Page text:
Olsson Associates


Olsson achieves tight-turnaround design for “tight-turn” roadway challenge

Wednesday, August 6, 2014

Mary Sullivan, Communications

“Faster” was the mantra for representatives with Adams County, Nebraska. The county needed a solution to get trucks through Hastings, Nebraska, more quickly. It also needed a quality design created in a tight time frame to accommodate the project’s financing. Olsson was able to deliver on both fronts.

The project, called the 42nd Street Truck Route, connects trucking traffic from Highway 281 on the north side of Hastings to Highway 6 on the southeast side.

Previously, to avoid going through downtown Hastings, trucks would follow a route that led them through a narrow intersection. The congested intersection proved especially dangerous when trucks had a difficult time navigating the sharp turns.

“It was a safety concern for the county,” said Greater Nebraska Office Leader Jeff Palik, “The road is not very wide, and there have been a lot of accidents there.”

Olsson moved the trucking route one mile north, with a curved road that can be traveled at a faster speed. The new route will direct traffic off of Highway 281 and allow an alternative to driving through the troublesome intersection and the downtown area.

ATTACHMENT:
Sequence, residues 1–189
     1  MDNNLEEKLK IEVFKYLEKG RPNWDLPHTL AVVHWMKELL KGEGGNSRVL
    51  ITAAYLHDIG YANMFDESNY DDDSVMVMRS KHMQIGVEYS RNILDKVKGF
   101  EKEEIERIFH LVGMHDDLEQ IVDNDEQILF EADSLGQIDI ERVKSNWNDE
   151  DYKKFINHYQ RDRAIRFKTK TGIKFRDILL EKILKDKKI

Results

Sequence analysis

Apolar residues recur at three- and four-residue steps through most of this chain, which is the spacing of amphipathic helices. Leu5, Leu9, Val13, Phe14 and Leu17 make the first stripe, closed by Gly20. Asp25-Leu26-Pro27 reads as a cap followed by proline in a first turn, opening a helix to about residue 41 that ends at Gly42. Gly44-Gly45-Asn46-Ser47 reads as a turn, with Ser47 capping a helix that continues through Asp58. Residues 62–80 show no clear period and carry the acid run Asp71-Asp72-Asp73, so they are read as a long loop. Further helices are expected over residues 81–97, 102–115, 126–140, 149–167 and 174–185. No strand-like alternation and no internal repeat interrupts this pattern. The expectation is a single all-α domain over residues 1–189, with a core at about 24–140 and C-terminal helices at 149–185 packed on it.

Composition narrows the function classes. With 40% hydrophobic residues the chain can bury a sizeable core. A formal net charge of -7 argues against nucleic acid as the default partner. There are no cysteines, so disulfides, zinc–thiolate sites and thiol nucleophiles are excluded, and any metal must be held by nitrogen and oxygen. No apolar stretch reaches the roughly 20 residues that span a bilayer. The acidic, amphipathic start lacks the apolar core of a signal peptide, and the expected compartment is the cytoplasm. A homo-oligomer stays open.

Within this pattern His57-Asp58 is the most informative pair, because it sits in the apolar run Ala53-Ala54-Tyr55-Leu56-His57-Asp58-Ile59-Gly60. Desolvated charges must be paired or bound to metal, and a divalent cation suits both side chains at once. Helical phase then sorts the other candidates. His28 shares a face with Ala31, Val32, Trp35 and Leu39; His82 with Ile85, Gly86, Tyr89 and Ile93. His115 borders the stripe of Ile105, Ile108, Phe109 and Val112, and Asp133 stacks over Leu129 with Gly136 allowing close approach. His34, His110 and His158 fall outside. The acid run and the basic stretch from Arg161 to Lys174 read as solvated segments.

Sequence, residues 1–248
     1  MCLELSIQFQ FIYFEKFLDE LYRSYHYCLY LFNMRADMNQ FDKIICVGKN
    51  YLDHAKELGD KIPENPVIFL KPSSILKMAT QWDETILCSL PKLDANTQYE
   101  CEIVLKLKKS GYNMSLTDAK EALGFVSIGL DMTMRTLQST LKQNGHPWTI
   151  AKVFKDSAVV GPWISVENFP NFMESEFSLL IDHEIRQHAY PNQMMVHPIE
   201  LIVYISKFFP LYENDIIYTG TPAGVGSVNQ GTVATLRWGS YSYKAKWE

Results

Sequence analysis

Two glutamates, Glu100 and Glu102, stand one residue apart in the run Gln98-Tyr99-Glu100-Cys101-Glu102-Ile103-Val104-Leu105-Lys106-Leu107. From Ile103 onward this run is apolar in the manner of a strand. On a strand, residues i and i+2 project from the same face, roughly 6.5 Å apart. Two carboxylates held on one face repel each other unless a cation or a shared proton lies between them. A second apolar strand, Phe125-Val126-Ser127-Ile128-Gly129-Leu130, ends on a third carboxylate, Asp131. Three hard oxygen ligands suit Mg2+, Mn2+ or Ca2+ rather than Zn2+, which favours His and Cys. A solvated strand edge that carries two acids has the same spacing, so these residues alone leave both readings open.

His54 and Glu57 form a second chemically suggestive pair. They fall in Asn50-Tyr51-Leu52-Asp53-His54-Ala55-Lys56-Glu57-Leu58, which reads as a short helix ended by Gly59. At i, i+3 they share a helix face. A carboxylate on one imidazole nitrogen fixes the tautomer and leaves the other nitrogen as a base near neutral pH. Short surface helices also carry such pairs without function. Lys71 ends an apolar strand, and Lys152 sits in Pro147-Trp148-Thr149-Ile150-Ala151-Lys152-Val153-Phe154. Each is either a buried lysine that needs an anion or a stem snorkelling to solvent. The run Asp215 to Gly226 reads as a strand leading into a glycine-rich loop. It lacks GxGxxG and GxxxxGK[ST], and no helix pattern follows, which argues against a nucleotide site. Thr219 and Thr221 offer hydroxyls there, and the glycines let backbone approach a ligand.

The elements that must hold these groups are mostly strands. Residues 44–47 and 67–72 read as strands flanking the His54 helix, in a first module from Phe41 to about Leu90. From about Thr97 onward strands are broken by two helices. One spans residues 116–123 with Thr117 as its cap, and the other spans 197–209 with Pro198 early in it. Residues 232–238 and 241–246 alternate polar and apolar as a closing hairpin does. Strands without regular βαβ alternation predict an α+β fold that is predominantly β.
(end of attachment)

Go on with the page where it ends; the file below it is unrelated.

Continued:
“It is a safer route for truckers and a more convenient traffic flow for all drivers,” said Jeff.

The design contract was signed in February 2013, and, within a fast-paced six months, the project was placed for bid in August 2013. In that six-month window, Olsson also held public information meetings and conceptual design meetings with the city, helped acquire right-of-way, and obtained a Corp of Engineers permit for a box culvert in the water channel. That time frame was restricted, somewhat, by the county and its budget process since bonds were used to pay for the project.

Olsson provided many different services for this project, including geotechnical drilling, topographic survey, roadway design, and box culvert design. Olsson also helped provide legal surveys for right-of-way acquisition. In addition, the project included coordinating with the City of Hastings Utility Department to relocate and install a new sanitary sewer system and overhead power lines.

Construction on the two-mile stretch started in the spring of 2014 and is expected to be complete in September of 2014.

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